untitled 283

Kagoule – Urth (Earache Records)

untitled (283)Apparently, Kagoule chose their name because they wanted something with the letter “O” in the middle to look good on posters, which is as good a reason as any, but kagoules are pretty 90s, aren’t they. Combined with their clear Smashing Pumpkins influences it means they’d be easy to pigeonhole. That is, if they weren’t so bloody good. And they are; Urth is one of the best debut albums of the year.

Opener ‘Gush’ is all tightly-wound guitar riffs that flex into life with a real power in the chorus that belies the fact that they’re barely out of their teens. The Sonic Youth-style screeching solo is a sign of things to come. There’s a uncommon maturity on display which is probably due to the combination of their sound palette and the fact that the songs aren’t about, you know, being teenagers. What they are about, mind you, is anyone’s guess. The press release talks about a one winged half man/half amphibian creature and conscious tables but fortunately they’re lyrically oblique enough not to come across as daft. ‘Mike’ is the point at which they’re at their most arch: “We had a son/He had no muscles” is about as weird as it gets, which they later admit “He’s based on nothing”.

Urth is all controlled chaos, and single ‘Glue’ is the perfect example. The anticipated explosion of energy that you expect from the chorus doesn’t come immediately. Instead the main chorus is understated, a step back from the edge that tricks you into thinking they’re unwilling to take the plunge. That anticipation pays off with the subsequent blast of guitar. The song would be nothing without the spray-on-tight rhythm section of bassist Lucy Hatter and drummer Lawrence English, content to allow Cai Burns’ guitar to twist and contort around them, alternating between providing colour and chunks of muscular distortion.

The shortest track on the album, ‘Empty Mug’, is the only point at which the tension at the heart of the band threatens to boil over, Lucy’s screamed vocals genuinely thrilling. That this minute-and-a-half of punk is then followed by the space rock micro-epic instrumental of ‘Greenbeefo’ speaks volumes about their ambition. Former single ‘Made of Concrete’ was apparently written when they were just fifteen because Cai had bought a delay pedal. It stands out on the album, not (just) because of its liberal use of delay, but the minor key melody and Lucy’s lead conjure a different mood to, say, the likes of ‘Open Mouth’ which follows it. Where Cai’s distinctive singing style is to almost lazily hang behind the beat, the band’s finer moments are when both voices combine as on the chorus of closer ‘It Knows It’.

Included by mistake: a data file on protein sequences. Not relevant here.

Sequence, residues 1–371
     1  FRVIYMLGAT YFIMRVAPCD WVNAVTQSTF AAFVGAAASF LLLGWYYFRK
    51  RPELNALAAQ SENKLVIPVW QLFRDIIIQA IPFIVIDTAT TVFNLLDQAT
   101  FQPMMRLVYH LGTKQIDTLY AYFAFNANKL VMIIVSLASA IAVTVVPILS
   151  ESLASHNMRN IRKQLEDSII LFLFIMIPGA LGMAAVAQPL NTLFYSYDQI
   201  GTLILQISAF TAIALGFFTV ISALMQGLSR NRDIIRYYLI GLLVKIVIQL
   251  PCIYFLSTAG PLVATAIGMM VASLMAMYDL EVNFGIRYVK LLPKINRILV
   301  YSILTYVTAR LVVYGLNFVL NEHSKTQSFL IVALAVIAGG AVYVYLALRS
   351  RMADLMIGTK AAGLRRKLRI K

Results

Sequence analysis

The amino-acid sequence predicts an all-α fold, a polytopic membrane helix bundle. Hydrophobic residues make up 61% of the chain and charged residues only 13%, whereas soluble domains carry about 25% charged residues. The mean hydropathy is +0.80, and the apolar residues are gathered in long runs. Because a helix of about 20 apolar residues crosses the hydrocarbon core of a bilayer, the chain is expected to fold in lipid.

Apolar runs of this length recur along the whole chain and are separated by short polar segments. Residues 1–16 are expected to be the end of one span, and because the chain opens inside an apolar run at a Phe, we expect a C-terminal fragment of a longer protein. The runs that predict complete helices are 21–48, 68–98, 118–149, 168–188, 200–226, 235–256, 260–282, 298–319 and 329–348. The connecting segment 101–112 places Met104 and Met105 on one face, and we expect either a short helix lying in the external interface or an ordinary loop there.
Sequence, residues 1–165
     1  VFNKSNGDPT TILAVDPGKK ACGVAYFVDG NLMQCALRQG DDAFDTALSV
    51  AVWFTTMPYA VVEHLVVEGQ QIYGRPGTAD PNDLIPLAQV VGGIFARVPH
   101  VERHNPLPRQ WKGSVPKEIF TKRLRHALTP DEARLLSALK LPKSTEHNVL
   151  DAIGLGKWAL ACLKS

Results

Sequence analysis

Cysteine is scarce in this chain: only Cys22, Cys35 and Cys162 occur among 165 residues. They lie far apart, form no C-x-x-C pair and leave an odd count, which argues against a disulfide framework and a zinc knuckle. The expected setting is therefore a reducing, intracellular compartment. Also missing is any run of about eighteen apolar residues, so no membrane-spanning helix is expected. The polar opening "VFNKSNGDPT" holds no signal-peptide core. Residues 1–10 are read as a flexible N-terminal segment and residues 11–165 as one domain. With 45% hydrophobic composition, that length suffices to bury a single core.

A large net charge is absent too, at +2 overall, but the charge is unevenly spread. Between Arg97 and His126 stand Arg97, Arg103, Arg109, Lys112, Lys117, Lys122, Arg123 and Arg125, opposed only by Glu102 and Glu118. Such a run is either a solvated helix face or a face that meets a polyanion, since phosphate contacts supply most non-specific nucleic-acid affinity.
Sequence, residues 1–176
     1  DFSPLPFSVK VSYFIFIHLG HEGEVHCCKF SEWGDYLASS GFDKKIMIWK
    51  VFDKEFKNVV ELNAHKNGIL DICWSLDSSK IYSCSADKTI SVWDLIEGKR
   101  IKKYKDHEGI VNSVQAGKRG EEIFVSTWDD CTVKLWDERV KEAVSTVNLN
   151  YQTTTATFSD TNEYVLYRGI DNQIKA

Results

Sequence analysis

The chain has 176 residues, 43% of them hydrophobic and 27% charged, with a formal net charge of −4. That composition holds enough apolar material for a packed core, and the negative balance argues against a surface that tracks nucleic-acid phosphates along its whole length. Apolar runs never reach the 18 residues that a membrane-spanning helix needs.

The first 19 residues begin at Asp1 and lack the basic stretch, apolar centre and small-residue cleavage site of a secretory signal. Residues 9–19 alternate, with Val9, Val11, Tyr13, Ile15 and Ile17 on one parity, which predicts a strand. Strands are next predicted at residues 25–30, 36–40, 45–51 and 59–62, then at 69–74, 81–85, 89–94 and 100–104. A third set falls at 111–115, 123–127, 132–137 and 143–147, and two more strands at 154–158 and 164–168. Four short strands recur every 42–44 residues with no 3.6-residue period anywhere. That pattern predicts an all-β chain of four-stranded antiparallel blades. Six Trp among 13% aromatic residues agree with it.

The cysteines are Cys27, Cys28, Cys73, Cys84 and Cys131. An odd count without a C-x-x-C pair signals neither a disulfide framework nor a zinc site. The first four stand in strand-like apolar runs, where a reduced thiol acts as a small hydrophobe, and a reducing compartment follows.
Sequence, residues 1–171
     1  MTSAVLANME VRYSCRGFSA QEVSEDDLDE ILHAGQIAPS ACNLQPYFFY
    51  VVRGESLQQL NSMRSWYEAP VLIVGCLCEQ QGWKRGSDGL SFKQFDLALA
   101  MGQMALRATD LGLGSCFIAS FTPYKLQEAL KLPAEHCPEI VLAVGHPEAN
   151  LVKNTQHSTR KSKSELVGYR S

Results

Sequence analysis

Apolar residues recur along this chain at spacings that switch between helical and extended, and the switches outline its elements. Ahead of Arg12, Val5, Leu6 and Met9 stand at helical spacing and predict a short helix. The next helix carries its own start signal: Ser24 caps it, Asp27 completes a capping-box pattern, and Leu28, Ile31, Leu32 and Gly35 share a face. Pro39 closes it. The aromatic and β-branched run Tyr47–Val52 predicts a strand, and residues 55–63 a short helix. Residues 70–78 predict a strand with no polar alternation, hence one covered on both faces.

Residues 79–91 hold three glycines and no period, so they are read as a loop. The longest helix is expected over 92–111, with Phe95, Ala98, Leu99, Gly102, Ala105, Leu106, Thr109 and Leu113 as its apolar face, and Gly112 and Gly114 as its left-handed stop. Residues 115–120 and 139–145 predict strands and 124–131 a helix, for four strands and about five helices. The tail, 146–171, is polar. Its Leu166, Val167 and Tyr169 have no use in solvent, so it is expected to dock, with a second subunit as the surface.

There’s no question about it though, Urth is a brilliant record and Kagoule are one of the most exciting new bands in the country. When I saw them play about eighteen months ago, I was struck by how much they reminded me of early Placebo (this is very much A Good Thing, for the record). Listening to Urth, I don’t even know why. Kagoule are not just another grunge revival band; they’re taking their influences and building something new out of them. That name though. As much as I’d like to, I’m not about to buy a t-shirt with Kagoule on it, you know?

 
[Rating:4.5]

God is in the TV is an online music and culture fanzine founded in Cardiff by the editor Bill Cummings in 2003. GIITTV Bill has developed the site with the aid of a team of sub-editors and writers from across Britain, covering a wide range of music from unsigned and independent artists to major releases.